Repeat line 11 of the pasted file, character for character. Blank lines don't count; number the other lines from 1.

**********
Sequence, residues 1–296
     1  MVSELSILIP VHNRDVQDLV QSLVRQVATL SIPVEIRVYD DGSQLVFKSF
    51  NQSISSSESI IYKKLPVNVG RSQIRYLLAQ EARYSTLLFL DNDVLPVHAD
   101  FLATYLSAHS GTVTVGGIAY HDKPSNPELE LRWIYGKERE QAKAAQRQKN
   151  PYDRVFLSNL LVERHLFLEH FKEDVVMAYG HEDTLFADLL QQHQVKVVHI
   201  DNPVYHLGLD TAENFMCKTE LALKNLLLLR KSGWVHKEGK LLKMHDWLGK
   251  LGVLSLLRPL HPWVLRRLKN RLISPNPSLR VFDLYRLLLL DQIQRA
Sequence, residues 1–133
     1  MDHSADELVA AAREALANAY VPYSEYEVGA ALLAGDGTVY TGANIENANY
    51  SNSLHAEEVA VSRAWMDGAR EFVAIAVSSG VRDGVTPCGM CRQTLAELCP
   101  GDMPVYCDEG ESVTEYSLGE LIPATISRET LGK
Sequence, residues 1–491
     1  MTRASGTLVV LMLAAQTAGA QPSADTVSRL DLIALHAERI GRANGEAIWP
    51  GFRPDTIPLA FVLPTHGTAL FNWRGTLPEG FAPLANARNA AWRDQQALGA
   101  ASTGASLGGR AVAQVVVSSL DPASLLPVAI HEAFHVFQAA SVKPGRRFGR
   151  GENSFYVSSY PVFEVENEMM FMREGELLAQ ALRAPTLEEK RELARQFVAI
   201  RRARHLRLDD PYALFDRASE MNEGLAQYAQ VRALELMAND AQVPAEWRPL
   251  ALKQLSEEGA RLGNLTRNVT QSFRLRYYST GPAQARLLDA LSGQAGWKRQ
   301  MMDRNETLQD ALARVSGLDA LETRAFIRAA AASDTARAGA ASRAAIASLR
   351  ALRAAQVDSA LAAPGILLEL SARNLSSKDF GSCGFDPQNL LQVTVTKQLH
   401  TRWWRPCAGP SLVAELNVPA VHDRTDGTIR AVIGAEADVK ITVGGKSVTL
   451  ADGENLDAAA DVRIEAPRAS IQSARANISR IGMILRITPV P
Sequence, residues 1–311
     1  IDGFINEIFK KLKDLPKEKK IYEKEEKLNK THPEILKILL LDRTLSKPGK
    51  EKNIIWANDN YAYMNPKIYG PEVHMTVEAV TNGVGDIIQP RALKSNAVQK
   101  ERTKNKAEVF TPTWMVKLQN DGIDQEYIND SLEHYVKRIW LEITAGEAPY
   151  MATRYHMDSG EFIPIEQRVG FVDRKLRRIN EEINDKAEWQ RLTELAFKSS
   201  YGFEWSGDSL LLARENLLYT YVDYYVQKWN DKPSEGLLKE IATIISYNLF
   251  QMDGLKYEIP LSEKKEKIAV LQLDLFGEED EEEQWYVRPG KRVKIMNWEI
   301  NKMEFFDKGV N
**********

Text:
   101  GDMPVYCDEG ESVTEYSLGE LIPATISRET LGK